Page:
Maybe you rely on your home and auto insurance to protect you against lawsuits. While these types of coverage set a strong foundation for protecting yourself against litigation, they offer limited protection and come up short of covering everything. In fact, even top-of-the-line home and auto insurance policies might leave gaps in your coverage that leave you financially vulnerable to risks. Umbrella insurance is your safety net against damages that exceed or exist outside the realm of coverage on your primary insurance policies. Continue reading to learn more about umbrella insurance and why it could become one of your most valuable asset protection tools
How an Umbrella Shields Your Wealth
Umbrella insurance is an extra layer of protection standing between your assets and the lawsuits that may threaten them. It is supplemental, high-value insurance that is secondary to your primary insurance policies. Once the limits on your home, auto, or boat liability have been reached, umbrella insurance kicks in, picking up the bill for remaining damages and legal expenses for an additional $1 million or more.
For example, imagine a driver who injures four victims in a car accident. The damages result in a $1.5 million judgment, for which the driver’s auto insurance only pays $500,000. The remaining $1 million is on the shoulders of the driver. With an umbrella policy, the damages are fully covered between the two policies. Without it, the driver might lose savings, investments, and future income to satisfy the judgment.
If you have accumulated a lot of assets or have experienced a windfall, it might be obvious that lawsuits can target ‘deep-pocketed’ individuals. However, keep in mind that you do not have to be wealthy to be sued. Once insurance has paid, a victim could pursue your assets. If you have no assets, a court could order garnishment of your future wages and inheritance.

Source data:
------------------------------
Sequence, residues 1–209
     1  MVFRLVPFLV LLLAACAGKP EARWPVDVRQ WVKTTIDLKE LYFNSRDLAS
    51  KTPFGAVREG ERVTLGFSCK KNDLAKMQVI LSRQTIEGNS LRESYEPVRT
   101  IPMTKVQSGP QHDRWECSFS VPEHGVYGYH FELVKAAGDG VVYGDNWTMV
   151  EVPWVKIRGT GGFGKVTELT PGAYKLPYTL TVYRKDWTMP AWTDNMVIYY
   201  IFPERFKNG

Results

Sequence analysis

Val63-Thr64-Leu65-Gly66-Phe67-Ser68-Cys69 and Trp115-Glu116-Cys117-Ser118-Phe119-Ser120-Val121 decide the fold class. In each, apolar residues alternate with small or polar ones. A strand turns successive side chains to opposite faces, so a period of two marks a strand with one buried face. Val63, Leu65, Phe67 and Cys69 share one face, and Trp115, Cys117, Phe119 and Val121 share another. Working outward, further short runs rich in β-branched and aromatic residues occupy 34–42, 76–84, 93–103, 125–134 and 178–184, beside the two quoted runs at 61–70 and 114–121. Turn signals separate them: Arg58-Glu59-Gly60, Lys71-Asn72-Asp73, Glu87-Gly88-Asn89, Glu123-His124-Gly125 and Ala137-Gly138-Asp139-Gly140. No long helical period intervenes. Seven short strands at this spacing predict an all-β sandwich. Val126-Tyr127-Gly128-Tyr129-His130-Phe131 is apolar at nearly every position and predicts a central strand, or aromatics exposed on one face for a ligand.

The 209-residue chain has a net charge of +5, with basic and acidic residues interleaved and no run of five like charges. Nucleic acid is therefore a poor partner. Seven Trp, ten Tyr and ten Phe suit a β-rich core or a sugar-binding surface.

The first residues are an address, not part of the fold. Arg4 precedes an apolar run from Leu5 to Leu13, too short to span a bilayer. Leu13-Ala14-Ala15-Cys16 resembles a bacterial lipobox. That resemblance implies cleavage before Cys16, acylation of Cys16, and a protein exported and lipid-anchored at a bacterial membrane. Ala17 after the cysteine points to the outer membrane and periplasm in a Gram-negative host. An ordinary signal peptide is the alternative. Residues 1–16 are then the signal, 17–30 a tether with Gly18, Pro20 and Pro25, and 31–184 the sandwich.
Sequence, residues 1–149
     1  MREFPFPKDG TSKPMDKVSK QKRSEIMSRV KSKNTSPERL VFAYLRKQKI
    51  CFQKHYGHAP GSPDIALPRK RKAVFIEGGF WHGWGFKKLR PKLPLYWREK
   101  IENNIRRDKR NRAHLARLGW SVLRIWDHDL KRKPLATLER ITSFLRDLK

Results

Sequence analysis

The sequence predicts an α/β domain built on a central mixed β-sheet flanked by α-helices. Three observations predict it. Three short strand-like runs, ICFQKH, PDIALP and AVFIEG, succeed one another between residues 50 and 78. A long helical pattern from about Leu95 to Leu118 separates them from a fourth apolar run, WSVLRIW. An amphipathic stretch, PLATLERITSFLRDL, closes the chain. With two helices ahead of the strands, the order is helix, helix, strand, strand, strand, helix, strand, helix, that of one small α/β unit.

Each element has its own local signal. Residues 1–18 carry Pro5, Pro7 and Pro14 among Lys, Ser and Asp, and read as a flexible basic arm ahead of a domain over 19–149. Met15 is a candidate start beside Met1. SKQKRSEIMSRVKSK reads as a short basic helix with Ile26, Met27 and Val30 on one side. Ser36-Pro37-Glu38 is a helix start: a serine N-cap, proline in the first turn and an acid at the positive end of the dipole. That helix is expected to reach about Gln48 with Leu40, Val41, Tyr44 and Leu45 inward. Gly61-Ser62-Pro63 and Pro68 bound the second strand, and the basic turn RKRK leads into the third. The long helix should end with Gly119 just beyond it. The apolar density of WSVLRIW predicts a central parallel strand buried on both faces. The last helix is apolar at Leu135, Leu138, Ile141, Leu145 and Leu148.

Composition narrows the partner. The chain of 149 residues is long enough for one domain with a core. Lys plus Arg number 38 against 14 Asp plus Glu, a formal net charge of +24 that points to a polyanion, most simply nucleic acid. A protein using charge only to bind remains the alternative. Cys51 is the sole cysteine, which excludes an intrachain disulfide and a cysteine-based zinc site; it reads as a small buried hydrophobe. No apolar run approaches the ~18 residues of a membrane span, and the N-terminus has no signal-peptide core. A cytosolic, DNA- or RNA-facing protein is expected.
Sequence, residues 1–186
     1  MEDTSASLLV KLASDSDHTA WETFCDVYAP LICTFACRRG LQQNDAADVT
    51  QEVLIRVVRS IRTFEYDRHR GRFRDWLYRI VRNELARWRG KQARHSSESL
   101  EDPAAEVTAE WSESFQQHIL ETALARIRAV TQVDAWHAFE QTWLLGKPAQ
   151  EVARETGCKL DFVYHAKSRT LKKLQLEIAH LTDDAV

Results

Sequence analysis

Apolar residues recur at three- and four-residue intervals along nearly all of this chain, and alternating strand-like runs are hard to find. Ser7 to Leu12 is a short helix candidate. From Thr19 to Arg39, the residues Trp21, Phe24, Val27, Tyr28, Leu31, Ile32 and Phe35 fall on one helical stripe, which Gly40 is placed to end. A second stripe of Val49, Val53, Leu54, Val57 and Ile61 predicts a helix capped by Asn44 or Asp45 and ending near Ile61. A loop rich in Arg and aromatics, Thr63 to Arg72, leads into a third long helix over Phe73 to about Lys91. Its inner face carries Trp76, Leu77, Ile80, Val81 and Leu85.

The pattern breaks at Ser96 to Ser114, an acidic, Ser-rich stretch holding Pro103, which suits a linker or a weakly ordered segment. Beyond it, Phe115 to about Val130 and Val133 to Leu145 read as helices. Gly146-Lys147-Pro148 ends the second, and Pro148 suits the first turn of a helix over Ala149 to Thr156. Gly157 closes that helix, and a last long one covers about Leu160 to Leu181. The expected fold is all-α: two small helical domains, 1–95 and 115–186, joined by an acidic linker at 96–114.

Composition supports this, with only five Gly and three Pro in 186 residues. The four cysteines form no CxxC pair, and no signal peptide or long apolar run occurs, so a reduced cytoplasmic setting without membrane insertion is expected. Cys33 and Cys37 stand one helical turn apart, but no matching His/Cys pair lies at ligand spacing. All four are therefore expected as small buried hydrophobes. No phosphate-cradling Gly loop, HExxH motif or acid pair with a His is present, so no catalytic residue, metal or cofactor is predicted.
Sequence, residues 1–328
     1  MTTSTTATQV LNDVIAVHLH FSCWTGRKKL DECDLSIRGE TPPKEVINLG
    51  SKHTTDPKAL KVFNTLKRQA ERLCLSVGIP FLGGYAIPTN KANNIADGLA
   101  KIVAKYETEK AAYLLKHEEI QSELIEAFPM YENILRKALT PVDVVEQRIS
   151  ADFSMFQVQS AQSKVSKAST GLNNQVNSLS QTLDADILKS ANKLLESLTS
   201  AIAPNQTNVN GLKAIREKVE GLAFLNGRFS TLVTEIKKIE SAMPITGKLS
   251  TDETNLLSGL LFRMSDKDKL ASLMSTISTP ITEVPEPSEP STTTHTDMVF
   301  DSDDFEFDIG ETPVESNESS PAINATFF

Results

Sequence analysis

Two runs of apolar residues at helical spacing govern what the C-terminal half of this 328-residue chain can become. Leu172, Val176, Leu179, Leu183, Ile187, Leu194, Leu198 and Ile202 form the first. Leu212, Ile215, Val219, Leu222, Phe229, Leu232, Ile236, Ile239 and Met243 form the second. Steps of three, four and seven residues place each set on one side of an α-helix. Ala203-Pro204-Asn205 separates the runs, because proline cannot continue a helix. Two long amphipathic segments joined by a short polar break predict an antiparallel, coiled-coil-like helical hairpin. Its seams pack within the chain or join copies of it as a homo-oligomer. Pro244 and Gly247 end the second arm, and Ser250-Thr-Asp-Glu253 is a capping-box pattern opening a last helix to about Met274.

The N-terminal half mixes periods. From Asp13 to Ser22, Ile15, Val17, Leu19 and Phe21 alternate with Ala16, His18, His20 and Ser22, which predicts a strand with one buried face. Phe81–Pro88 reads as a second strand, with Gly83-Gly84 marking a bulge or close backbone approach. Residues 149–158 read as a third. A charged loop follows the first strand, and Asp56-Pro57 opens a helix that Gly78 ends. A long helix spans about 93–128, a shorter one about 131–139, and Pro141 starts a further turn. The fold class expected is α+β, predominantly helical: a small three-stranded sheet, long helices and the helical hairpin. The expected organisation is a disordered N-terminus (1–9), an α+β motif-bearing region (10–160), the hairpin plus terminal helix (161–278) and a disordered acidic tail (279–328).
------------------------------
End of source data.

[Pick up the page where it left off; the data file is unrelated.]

Umbrella Insurance vs. Excess Liability
Though often used interchangeably, ‘umbrella insurance’ and ‘excess liability’ are two very different things. Having excess liability simply means that you have extended limits on the coverage within your existing policies. The coverage is restricted to the terms in your home, auto, boat, or other liability coverage. A true umbrella, however, will not only extend coverage limits on your existing policies, but may also fill in gaps not covered by other policies, such as slander, libel, false arrest, and damages you cause when traveling abroad. That is why we recommend only working with an independent agent here at Couri Insurance so that you are informed and capable of making an educated decision about your coverage.
Get an Umbrella Insurance Quote
If you are ready to take the next step in protecting your financial future, contact an agent here at Couri Insurance. We can help assess your current risk exposure and recommend coverage based on your individual needs. Since umbrella insurance is supplementary, you might also need to raise the coverage limits on your home and auto liability to meet the requirements of your umbrella policy. These may include:
- $300,000 or $500,000 homeowners liability
- $250,000/$500,000 auto bodily injury liability OR
- $300,000 combined single limit (CSL)
In most cases, a $1 million policy can be purchased for as little as $200 per year, but additional coverage is available for those who need it. Regardless of your coverage limits, you can trust that we will work hard to acquire the greatest savings on your home, auto, and umbrella coverage. For more information about umbrella insurance or to request your free quotes, contact our office today.
Is umbrella insurance a part of your asset protection and wealth management plan?